Sometimes, the distinction can be very subtle. For example, Stan Desyatnikov proposed restructuring the second scenario from the challenge in the following way:

When a user registers successfully
Then the account page displays "Account approved"

In cases such as this one, it’s interesting to consider whether the account page is relevant for the purpose of the test, or is it just there to explain the process of testing something. We could rephrase the post-condition as just one line:

Then the user account status is "approved"

By specifying the wait condition in the terminology of the business domain, instead of test execution, we can postpone the discussion on test automation. The scenarios will be clearer and easier to discuss with business representatives. We can potentially optimise the execution later so it can go below the user interface, or even avoid asynchronous issues altogether.

Bring the interactions into the model

Time-based pauses in scenarios are not necessarily symptoms of the test process leaking into specifications. They could also be caused by a wrong model, which in turn causes bad user experience and makes the system error prone. Any web site that warns against pressing the back button during a background process is a good example of this. The worst offenders are airline ticket sites with warnings that you mustn’t close the browser window during payment. Why not? As if the user watching some web progress bar is magically going to improve payment approval rates. Connection problems are a fact of life on the Internet, especially with consumer applications. Wi-Fi signals drop, phone batteries die, and people close windows by mistake.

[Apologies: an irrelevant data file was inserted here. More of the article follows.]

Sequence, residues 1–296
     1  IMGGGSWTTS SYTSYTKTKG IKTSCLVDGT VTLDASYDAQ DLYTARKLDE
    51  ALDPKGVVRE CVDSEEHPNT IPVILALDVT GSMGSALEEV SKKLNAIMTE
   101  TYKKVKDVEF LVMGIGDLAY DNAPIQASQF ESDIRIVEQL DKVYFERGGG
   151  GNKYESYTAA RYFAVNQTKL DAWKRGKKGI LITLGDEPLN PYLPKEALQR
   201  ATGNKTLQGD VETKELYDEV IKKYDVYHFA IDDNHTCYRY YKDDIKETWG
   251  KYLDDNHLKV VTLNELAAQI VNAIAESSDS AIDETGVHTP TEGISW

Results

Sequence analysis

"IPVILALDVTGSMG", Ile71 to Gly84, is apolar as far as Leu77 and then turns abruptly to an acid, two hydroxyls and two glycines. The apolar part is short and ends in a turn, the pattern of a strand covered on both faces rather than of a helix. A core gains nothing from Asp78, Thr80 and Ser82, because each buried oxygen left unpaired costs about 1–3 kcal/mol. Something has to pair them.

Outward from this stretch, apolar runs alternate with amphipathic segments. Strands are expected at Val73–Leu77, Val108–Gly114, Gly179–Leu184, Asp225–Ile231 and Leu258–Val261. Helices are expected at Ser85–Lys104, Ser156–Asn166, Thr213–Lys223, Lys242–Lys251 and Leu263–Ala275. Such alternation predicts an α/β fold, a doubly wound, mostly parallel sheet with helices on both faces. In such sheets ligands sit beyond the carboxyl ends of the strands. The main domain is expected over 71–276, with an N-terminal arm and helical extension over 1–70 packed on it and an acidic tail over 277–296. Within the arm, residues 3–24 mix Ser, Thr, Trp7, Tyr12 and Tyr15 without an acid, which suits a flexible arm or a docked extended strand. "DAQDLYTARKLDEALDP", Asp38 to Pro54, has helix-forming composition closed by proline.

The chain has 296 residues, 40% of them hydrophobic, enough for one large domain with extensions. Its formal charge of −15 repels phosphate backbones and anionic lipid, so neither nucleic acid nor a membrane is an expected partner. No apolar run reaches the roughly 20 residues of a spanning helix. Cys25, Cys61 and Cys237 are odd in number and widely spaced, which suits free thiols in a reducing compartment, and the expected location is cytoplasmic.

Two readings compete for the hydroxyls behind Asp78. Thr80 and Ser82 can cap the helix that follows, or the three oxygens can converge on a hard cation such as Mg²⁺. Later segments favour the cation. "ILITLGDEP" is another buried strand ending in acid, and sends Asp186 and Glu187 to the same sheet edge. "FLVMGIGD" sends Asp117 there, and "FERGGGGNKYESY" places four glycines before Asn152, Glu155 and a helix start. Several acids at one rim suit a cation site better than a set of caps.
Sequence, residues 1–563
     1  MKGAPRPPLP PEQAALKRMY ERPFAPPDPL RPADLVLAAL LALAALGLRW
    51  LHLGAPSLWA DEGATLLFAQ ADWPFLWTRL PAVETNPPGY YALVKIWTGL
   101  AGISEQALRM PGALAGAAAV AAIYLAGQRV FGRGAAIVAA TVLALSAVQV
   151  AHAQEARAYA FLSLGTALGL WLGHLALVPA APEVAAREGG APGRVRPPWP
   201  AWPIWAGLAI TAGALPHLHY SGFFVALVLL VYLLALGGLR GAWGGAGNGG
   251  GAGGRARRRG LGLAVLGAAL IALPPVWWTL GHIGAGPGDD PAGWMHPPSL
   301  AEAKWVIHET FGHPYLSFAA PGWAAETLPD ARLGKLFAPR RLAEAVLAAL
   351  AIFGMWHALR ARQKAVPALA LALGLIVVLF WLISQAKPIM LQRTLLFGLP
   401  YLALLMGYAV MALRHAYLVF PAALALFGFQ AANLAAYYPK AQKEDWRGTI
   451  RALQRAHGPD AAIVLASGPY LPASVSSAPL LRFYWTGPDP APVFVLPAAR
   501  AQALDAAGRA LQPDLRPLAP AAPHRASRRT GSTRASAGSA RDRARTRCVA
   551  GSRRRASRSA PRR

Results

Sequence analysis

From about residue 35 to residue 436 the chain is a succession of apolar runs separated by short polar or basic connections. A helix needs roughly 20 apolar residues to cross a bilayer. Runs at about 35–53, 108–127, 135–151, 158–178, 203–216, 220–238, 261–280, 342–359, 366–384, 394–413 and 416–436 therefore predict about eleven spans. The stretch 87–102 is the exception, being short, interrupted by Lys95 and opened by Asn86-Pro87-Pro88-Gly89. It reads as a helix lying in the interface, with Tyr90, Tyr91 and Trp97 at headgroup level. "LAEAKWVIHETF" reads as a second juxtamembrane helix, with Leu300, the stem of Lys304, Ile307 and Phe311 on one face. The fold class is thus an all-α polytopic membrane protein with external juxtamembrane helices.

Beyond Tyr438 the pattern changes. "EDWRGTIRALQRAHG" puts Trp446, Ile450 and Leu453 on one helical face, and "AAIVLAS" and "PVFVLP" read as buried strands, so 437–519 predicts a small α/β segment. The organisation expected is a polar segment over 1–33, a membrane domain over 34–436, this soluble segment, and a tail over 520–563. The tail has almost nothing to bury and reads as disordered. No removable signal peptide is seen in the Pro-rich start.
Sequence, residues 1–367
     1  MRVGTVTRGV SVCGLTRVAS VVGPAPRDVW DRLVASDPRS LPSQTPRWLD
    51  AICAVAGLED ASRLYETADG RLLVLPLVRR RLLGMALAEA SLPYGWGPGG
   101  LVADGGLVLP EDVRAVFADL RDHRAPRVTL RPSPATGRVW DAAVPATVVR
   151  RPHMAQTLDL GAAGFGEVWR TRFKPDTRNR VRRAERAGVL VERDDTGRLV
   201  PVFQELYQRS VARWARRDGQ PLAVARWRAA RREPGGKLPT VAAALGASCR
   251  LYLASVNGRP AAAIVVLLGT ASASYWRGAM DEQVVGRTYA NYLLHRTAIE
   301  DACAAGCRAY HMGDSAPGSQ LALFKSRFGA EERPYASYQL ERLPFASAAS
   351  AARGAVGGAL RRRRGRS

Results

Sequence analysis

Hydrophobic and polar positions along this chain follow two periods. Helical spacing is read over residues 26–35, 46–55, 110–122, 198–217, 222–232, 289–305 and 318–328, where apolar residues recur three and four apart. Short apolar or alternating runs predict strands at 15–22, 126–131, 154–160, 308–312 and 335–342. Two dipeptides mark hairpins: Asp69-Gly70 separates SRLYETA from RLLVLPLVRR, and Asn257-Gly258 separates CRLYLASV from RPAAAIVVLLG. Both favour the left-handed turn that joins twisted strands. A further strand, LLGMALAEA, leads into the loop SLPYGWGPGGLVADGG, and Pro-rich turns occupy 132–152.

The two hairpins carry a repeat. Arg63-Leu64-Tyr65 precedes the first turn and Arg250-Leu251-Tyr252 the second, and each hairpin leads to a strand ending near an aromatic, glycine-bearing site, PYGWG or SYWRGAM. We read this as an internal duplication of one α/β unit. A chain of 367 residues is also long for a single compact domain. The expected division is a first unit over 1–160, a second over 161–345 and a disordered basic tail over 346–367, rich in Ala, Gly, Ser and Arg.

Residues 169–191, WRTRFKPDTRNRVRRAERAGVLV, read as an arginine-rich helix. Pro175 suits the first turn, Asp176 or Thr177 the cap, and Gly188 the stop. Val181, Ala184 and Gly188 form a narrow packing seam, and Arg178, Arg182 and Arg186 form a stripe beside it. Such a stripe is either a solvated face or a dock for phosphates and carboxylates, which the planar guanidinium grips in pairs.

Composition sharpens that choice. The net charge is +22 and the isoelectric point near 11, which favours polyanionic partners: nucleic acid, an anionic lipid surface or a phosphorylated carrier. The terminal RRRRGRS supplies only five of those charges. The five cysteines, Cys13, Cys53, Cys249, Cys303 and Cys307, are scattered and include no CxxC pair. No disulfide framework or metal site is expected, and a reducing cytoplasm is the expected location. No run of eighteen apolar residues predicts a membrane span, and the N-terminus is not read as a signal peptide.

Showing a warning against something users can’t control doesn’t make the problem disappear. When an asynchronous process is fundamental for the purpose of the feature, not just for the process of testing, then we don’t want to hide it into step definition code. This is not accidental technical complexity, it’s a fundamental property of the problem domain. We want to expose such domain properties, so we can openly discuss them and define what should happen when the situation develops in a predictable but unwanted way.

René Busch suggested rephrasing the registration scenario in terms of events, such as the one below:

Given the process of registration is running
when the registration process completes successfully
then the user gets a notification the registration is completed successfully
then the user can confirm that registration

Given the process of registration is running
when the registration process completes in error 
then the user gets a notification the registration is completed with failure
then the user can do/see ....

The original challenge had two example scenarios. The second was stuck in waiting purely because of badly described user interface constraints. But the first one, dealing with order approvals, is a lot more tricky. In the challenge post, I explained that “platform passes orders through a risk evaluation module before confirming”. This is a hint that there might be a fundamentally asynchronous problem in this domain. For example, although an automated risk evaluation module might take a few seconds most of the time, fraud prevention can also require escalating to a human investigator, which might take hours or days.